salt review || dimestore saints
salt review || northern transmissions

noname – room 25

the southside chicago rapper noname took the fruits of her 2016 mixtape telefone and let them marinate for a couple of years. the result is room 25, a vibrant debut album that accentuates fatimah walker’s independent streak while honing her singular, spoken word-influenced aesthetic. this outing is a bit more visceral and less conversational than its predecessor, a poised and confident collection of songs from an indispensable voice.

here comes noname || the fader
room 25 review || pitchfork

pat moon – romantic era

kate davis returned for her sophomore spectral outing as pat moon this past summer, escaping into a slightly different headspace that yielded the ten tracks populating romantic era. a cavernous, intensely intimate project, romantic era resonates as haunting whispers from a parallel dimension, a respite from the cacophony of our everyday existence.

“spiraling” premiere || dimestore saints
entering the romantic era with pat moon || week in pop

r beny – saudade

austin cairns has recorded ambient music under the moniker r beny for the past few years, filtering the central tenets of 1990s slow-core through a prism of analog and modular synthesizers.  his excellent full-length saudade, released in february by the belgian tape label dauw, is a glimmering snapshot of a relatively young synthesist hitting his stride. (cairns’ other 2018 release, october’s eistla, is also commendable.)

any penchant for melody may get buried in a medium that favors deteriorating and evolving soundscapes, but carins’ melodic intuition is the glue that holds saudade together, from the stately, brassy declarations that announce “streams of light” to the hesitant ascent of “burl.”  a mixture of percolating motifs and blurry synth pads makes saudade the ideal aural companion for crisp morning walks, hazy summer evenings, and nearly any other solitary venture in between.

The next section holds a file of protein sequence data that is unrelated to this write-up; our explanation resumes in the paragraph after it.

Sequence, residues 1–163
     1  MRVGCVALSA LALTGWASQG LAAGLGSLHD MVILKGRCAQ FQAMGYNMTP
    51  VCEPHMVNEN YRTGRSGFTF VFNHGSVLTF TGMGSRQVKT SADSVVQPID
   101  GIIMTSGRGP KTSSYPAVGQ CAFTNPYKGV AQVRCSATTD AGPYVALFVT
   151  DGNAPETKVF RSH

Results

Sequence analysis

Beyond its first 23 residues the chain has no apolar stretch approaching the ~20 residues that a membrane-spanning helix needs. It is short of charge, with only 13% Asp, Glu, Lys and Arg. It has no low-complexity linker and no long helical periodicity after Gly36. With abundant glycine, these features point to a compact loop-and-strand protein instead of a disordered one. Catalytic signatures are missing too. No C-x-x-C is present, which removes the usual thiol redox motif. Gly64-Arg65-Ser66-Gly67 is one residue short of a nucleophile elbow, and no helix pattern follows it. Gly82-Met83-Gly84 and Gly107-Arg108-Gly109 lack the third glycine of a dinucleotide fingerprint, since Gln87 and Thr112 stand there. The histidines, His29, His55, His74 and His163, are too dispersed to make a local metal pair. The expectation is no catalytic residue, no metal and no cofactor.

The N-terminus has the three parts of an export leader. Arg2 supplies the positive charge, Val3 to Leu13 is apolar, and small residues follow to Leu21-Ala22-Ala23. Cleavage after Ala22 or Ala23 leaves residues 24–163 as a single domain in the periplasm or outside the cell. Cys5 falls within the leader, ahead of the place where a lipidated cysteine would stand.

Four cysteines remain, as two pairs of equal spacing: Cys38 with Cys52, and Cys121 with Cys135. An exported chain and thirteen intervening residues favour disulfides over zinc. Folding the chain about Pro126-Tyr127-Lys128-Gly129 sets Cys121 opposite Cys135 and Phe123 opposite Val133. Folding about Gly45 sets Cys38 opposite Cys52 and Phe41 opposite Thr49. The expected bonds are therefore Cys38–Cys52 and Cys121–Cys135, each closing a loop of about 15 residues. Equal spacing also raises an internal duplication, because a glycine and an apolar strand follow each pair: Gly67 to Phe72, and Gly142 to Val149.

duologue: a conversation with r beny || stationary travels

sun june – years

sun june shares some commonalities with another austin outfit on this list, all the more reason to keep a steadfast ear to the ground for music coming out of that particular city.  on years, the band’s debut full-length for keeled scales, laura colwell and company offer up ten spare tracks that synthesize 1960s pop, early-2000s r&b, and country ornamentations, colwell’s electric piano and the telecaster’s more mellow spectrum teaming up with a tasteful rhythm section for slow-burning standouts like “johnson city” and the muted gleam of opening number “discotheque.”

years review || dimestore saints
a road (opening): on sun june’s years LP || gold flake paint

tierra whack – whack world

maybe whack world is an album, or maybe it’s, as its creator describes it, a “visual and auditory project.”  while its classification is debatable, the fact that tierra whack offered up something that frustrated a playlist-oriented, algorithmic streaming economy while simultaneously capitalizing on the limitations of instagram videos makes whack world decidedly a product of its time.

and what a product it is.  watching the fifteen-minute project in its audio/visual form is obviously the intended method of consumption; whack’s world is a vibrant one that toggles between playful pastiche and snippets of sincerity, a dichotomy reinforced by the characters whack portrays in each vignette.  an exercise in limitation and unabashed originality, whack world is one of 2018’s truly unique releases.

tierra whack can’t be pinned down || stereogum
tierra whack is building her own world || the fader

video age – pop therapy

a quintessential album of the summer, video age’s pop therapy picks up right where the new orleans duo’s 2016 living alone leaves off, putting synths that previously sat in the background squarely at the center of their balmy new wave exercises.  the production across pop therapy is top-notch, with each song carving out its own little niche as ross farbe and ray micarelli steer their sophomore vessel towards its therapeutic destination.

pop therapy review || dimestore saints
comfort without a catch || the new orleans advocate

premiere – shelf nunny

– featured image courtesy of the artist –